Research has shown that about half of our happiness comes from a genetic setpoint. About 10% comes from life circumstances that are difficult or impossible to change. (You can't change your age or your eye color. It's tough to change where you live and how you look.) However, there is about 40% of your happiness you can control, and that comes from intentional activity, such as your thoughts, actions, and attitudes.
If you want to increase your sense of well-being, these actions have proven to be most effective:
- Make physical exercise a regular habit.
- Nurture relationships with family and friends.
- Express gratitude for all you have.
- Offer help to those who need it.
- Savor life’s pleasures and live in the moment.
- Practice optimism when planning your future.
- Commit to lifelong goals and ambitions.
- Choose poise and resilience in the face of challenge.
That last tip is important. A lot of folks allow their moods and attitudes to be determined by the world around them. Their happiness is largely controlled by outside forces. That's too bad.
In his seminal work, Flow: The Psychology of Optimal Experience, Mihaly Csikszentmihalyi writes:
[Happiness] is not the result of good fortune or random chance. It is not something that money can buy or power command. It does not depend on outside events, but, rather, on how we interpret them. Happiness, in fact, is a condition that must be prepared for, cultivated, and defended privately by each person. People who learn to control their inner experience will be able to determine the quality of their lives, which is as close as any of us can come to being happy.
If you want to be happier, deliberately choose the way you filter your experiences. Opt to give them a positive spin. Opt to respond as pleasantly as possible to outside events. If a driver cuts you off in traffic, for instance, you get to choose how to respond. If you choose to get angry, you decrease the quality of life for both yourself and others. If you don't like who gets elected President, you get to choose how to respond. You get to choose your mood and your actions going forward.
Another way to boost happiness is to increase the variety of your experience. Say “yes” to more opportunities. Say “yes” to the things that scare you. Say “yes” to meeting new people. When you say yes to new people and new experiences, it's like you're playing the lotter of life. Most of the time, taking these small risks won't pay off in any meaningful way. But occasionally you'll hit the jackpot.
I believe strongly that the best thing you can do to improve your life — financially and otherwise — is to become clear on your purpose. Spend some time to think about what it is you want to accomplish in life. What gives you meaning? Use this information to guide your decisions, with money and everything else.
Once you know your purpose, you can manage your money to support it. In nearly every instance, that means treating your personal finances as if you were running a small business. You must be your own Chief Financial Officer. I want you to think of yourself as the CFO of You, Inc.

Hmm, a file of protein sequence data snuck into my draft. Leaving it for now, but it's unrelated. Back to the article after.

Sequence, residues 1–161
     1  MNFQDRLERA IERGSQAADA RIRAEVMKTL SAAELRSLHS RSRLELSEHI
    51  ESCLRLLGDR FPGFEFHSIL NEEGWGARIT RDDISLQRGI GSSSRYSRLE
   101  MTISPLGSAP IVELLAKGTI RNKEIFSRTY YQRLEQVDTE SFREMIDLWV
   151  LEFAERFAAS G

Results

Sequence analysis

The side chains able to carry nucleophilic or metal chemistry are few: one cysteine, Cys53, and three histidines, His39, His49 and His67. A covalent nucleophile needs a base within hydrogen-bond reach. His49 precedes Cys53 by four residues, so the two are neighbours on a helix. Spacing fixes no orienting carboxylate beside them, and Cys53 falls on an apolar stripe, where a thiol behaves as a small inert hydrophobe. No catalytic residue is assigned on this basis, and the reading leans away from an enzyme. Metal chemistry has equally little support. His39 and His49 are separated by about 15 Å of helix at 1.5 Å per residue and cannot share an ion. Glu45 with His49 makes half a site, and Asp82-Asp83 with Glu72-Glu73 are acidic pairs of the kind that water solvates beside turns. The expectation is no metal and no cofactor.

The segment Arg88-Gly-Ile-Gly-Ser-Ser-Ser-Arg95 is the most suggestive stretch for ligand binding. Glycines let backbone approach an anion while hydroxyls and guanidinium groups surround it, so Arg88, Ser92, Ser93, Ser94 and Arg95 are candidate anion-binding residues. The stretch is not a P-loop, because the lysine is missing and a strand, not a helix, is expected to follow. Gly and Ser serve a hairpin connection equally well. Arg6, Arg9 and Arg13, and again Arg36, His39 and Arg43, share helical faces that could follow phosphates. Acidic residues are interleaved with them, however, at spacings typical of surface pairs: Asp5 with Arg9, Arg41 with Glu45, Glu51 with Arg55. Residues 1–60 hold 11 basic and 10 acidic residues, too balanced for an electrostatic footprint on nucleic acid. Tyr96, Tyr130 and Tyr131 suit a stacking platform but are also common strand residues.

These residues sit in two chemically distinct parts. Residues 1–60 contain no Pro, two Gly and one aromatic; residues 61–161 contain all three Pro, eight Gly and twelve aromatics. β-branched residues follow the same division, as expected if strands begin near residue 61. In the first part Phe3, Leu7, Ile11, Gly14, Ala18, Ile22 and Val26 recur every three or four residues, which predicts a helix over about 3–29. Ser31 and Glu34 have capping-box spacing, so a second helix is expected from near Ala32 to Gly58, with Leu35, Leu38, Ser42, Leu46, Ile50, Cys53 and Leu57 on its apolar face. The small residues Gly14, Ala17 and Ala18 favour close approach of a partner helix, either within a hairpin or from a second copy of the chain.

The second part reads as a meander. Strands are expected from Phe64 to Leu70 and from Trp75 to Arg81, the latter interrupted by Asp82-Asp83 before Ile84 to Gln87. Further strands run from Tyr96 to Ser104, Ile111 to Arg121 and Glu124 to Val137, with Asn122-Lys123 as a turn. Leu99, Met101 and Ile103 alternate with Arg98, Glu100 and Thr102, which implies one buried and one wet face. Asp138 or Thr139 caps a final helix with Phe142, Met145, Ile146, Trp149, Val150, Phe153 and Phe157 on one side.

To survive, a business must make a profit. Without a profit, a company cannot pursue its mission statement. The same applies in your personal life. If you aren't earning a profit — if you're not earning more than you spend — it's impossible for you to follow your dreams.
To earn a profit, you must spend less than you earn. That's the definition of profit, actually. And the best way to boost the gap between earning and spending is to focus on the big stuff. Don't get distracted by small things like clipping coupons. Instead, cut your housing costs, trim your transportation spending, and — most of all — look for ways to earn extra income.
I believe most people are best served if they aim to save half their income. This might not be possible at first, and I know it, but if you choose to focus on tomorrow instead of today, you can create a large profit. And with this money, you can achieve early retirement, or put your kids through college, or travel the world, or create a charitable foundation. Profit gives you the power and freedom to choose actions that are truly aligned with your purpose and values.
Note: My presentation was built on the core material from this site. To get the full version, first read about how to build confidence and destroy fear. Follow that with how to be happy and lead a meaningful life. Finish by reading my Money Boss manifesto.
It's amazing that I've spent 4000 words summarizing the core information from last week's three presenters. This post glosses over so much! And as I said earlier, these presentations are a mere fraction of the knowledge and experience all 26 of us shared during the course of the week.
For me, the best part of the Ecuador trip is always my one-on-one meetings with attendees. It's interesting to get to know these people, to hear their experiences, and to learn what makes them tick. It's one thing to talk about happiness and mindfulness and financial freedom on a blog, but another to see practical application in real life. It's never as straightforward as it might seem.
It's also an interesting contrast to be sharing this crazy rich-person talk in a country that's so poor. What are the implications there? Are we doing good by bringing money into the economy? Are we arrogant and self-centered to talk about mindfulness and habits and mission statements in a country where so many folks are simply struggling to survive? I don't have good answers to these questions, but I think about them each time I visit.
Ultimately, however, I believe this annual chautauqua is a net good for everyone involved. I plan to participate whenever my schedule allows. And I hope one day to see you in South America for a discussion about money and mindfulness.
Note: Photos by Ryan Smith, Mary Woods, and J.D. Roth